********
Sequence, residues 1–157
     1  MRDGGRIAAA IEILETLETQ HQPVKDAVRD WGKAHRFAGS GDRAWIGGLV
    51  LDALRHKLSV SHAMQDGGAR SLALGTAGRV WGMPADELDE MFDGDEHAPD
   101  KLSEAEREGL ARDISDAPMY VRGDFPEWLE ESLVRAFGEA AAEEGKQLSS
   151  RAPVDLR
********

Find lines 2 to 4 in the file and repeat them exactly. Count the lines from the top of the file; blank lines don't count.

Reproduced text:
     1  MRDGGRIAAA IEILETLETQ HQPVKDAVRD WGKAHRFAGS GDRAWIGGLV
    51  LDALRHKLSV SHAMQDGGAR SLALGTAGRV WGMPADELDE MFDGDEHAPD
   101  KLSEAEREGL ARDISDAPMY VRGDFPEWLE ESLVRAFGEA AAEEGKQLSS